24 October 2014

By : Wimar Witoelar

The Jakarta Post | 24 October 2014

President Joko Widodo has never been a foreign minister and he has never been a diplomat, but he has a keen sense of the world and the reciprocal interests it has with the national needs of Indonesia. As a business man he had from early on linked his products to international markets and frequently participated in international fora. As municipal leader he has been internationally recognized and is the recipient of several awards.


Now there is the exciting prospect of extending his global view to the presidency. This will allow him to meet domestic issues with the power of broad perspectives. It will jump start his presidency beyond the reach of petty political opposition. Jokowi who won the election by grass roots popular support can make his presidency succeed by a strategic foreign policy.


One major challenge facing him at the dawn of his presidency is the resolution the decades-long horror of forest fires. They are an annual event in Indonesian forests but it is an international concern. And the solutions may well come from international cooperation.


Many hard decisions await our new president in the first weeks of his watch. Few offer more challenges and opportunities than action on forest fires. Delay brings lives lost and huge material damage. In the big picture, forest degradation means less protection against climate change disaster not just for Indonesia but also for the world. Rapidly the forest fires in Riau and other hot spots have become international crisis centers.

 Kebakaran Hutan di Riau

The forest fires in Riau have been a depressing annual occurrence for 17 years. Past president Susilo Bambang Yudhoyono took a positive step as Indonesia ratified the Asean Agreement On Transboundary Haze Pollution. But ironically, as Greenpeace has pointed out, this was followed by the closure of schools in Palembang, Inderalaya, Kayuagung, dan Muara Enim because forest fires have brought air quality down to dangerous levels. Greenpeace Indonesia head Longgena Ginting says that this is because the government is not attacking the problem in a comprehensive manner. The approach has been firefighting and not attacking the roots of the problem. The key to the solution, Greenpeace says, is total protection of the peatland ecosystem. This includes a non-negotiable extension of the forest moratorium that is due in May 2015. The challenge is clear. The opportunities are less self-evident but could well define Jokowi's presidency in the foreign policy area.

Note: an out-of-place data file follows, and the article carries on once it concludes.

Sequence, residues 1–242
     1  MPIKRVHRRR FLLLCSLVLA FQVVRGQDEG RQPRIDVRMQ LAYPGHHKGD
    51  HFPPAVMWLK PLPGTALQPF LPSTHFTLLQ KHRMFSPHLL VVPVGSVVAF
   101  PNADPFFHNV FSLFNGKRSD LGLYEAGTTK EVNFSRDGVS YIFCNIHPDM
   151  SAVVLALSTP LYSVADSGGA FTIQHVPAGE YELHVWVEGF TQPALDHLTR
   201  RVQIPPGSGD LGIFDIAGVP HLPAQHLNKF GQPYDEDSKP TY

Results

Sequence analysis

The crux of the matter is that forest fires, like all forms of forest degradation, are spurred by the misguided interests of the political and business elites in the provinces and at the center. It is an important challenge  for Jokowi to stop this vicious circle.


The striking success of the SBY government in the reconstruction of Aceh put Indonesia firmly in a place among nations with a capacity of absorbing international cooperation for the benefit of the domestic public. Credit also is due Jusuf Kalla, Vice President then and now, for successfully completing the peace process started by President Wahid. This actually sets the pattern for Indonesia prowess in international relations. We are reminded of the current reputation of SBY internationally when he made the historical speech at the Pittsburgh G20 meeting in November 2009 which led to the international cooperation on REDD+ now spearheading our action on climate change.


Jokowi faces urgent priorities in the first weeks of his presidency. Most urgently, managing a difficult budget and coming to terms with the fuel subsidy burden. Setting a productive agenda to meet expectations as a man of action is not a simple task.  But it offers an excellent opportunity to live up to expectations as a man of strategic action.


A quick but intense visit to study the forest fires in Riau will energize the new government to effective action. It will make our neighboring countries relief from debilitating smoke and gain international respect for President Jokowi.


It sets the course for a convergence between domestic and international concerns. It will establish the new President as a positive player on the global scene.


There will be several global events In the very near future, notably APEC and the G20 in November 2014. Jokowi will be there fresh with the historic victory of democracy. Making a mark in these international events will continue his winning streak as he takes domestic action in the context of international assertiveness. Should he maintain the momentum through next year, he will do his nation and the world tremendous good by sharing his success on the environment by delivering a speech at the 2015 COP in Paris.


We will then have our popular President firmly on the world stage. And Indonesia will be a major world force.

Print article only


« Home